José María Arguedas’s novel The Fox from Up Above and the Fox from Down Below presents the Peruvian city of Chimbote in the 1960s as a boomtown built on economic exploitation and environmental degradation, on widespread poverty and the casual but persistent violence of racism and misogyny.1 The text’s double narrative moves between fictional scenes and diary entries that record the novelist’s struggles over the process of writing; between his vivid descriptions of Chimbote as a suffering body and his overwhelming anxieties over whether he understood the city at all.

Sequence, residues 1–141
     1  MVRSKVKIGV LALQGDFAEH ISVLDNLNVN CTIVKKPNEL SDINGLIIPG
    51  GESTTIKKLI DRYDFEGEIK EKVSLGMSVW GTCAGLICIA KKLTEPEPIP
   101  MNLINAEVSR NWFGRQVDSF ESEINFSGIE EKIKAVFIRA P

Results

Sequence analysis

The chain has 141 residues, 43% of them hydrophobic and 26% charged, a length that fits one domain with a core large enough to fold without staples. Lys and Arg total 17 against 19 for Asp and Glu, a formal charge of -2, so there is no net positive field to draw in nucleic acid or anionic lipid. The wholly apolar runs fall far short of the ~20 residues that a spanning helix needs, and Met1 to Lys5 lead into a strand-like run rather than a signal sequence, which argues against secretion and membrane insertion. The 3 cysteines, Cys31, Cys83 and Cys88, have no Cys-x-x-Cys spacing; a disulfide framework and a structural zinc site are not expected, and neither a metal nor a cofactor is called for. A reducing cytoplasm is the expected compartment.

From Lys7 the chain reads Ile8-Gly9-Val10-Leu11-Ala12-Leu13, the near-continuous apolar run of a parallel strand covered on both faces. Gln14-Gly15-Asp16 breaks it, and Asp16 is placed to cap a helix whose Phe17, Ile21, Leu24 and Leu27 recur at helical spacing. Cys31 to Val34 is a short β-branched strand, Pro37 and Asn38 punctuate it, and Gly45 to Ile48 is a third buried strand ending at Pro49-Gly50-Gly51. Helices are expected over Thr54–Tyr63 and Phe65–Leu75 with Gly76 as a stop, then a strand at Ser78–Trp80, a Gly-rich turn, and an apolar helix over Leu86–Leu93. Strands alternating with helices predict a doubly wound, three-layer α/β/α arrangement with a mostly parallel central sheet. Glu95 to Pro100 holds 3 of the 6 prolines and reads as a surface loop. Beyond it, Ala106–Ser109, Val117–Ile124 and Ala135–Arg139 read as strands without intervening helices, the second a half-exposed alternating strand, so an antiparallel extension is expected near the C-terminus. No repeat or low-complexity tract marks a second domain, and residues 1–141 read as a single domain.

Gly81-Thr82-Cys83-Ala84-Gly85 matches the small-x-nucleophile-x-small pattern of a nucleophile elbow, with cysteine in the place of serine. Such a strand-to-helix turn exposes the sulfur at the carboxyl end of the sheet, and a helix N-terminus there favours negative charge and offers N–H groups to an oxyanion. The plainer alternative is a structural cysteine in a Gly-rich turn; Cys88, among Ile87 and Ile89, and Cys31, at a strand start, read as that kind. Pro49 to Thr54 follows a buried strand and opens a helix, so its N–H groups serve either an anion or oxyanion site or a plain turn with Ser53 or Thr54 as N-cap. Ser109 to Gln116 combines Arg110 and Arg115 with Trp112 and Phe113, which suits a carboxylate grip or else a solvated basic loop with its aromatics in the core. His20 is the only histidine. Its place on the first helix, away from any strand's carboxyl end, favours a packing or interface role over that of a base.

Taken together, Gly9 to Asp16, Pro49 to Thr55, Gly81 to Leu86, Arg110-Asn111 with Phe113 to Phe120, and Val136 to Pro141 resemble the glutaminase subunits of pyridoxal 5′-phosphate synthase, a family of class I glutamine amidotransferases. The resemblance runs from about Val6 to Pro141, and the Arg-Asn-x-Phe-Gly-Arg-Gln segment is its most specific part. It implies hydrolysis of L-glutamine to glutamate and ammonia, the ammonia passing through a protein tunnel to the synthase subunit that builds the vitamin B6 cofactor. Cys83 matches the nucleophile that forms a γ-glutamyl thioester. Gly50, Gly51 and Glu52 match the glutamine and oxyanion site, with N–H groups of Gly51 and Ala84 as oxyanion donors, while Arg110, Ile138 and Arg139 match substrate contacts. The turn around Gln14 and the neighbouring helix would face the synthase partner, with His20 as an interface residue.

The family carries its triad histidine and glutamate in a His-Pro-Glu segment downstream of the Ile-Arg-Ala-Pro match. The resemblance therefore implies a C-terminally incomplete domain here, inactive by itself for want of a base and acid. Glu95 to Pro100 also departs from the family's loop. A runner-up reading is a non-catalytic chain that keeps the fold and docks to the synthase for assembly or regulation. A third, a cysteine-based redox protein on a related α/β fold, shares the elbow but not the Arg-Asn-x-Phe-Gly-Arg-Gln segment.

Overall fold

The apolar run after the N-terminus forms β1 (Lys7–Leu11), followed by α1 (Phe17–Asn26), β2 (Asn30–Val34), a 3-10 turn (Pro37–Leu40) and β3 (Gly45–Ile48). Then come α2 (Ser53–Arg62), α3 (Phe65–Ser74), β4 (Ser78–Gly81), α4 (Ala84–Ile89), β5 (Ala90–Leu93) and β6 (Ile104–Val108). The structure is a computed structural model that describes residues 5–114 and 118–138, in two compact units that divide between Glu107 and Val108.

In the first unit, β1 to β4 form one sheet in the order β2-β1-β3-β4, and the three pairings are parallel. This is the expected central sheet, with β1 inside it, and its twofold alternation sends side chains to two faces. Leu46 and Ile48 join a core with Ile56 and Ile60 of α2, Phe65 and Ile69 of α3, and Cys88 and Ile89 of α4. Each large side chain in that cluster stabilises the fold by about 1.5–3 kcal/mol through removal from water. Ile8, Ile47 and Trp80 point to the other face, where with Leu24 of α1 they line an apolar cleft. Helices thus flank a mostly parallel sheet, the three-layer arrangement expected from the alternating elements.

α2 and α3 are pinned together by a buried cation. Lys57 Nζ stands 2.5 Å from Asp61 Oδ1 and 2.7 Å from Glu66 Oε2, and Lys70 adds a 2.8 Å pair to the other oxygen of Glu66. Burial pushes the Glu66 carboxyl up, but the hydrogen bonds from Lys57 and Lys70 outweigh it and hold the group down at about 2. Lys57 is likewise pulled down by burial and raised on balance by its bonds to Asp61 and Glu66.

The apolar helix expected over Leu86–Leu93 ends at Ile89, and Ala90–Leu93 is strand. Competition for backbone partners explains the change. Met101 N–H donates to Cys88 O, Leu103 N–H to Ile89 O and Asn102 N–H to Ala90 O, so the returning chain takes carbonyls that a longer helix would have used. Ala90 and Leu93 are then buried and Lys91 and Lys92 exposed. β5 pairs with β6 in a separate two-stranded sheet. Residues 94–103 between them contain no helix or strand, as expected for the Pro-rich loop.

Another kind of double narrative appears in two contrasting approaches to remaking Chimbote: the master plan developed in 1948 by Town Planning Associates (TPA), a U.S.-based firm headed by Paul Lester Wiener and Josep Lluís Sert, and a series of aided self-help housing programs that began in the late 1950s. These schemes represent very different traditions of housing provision...

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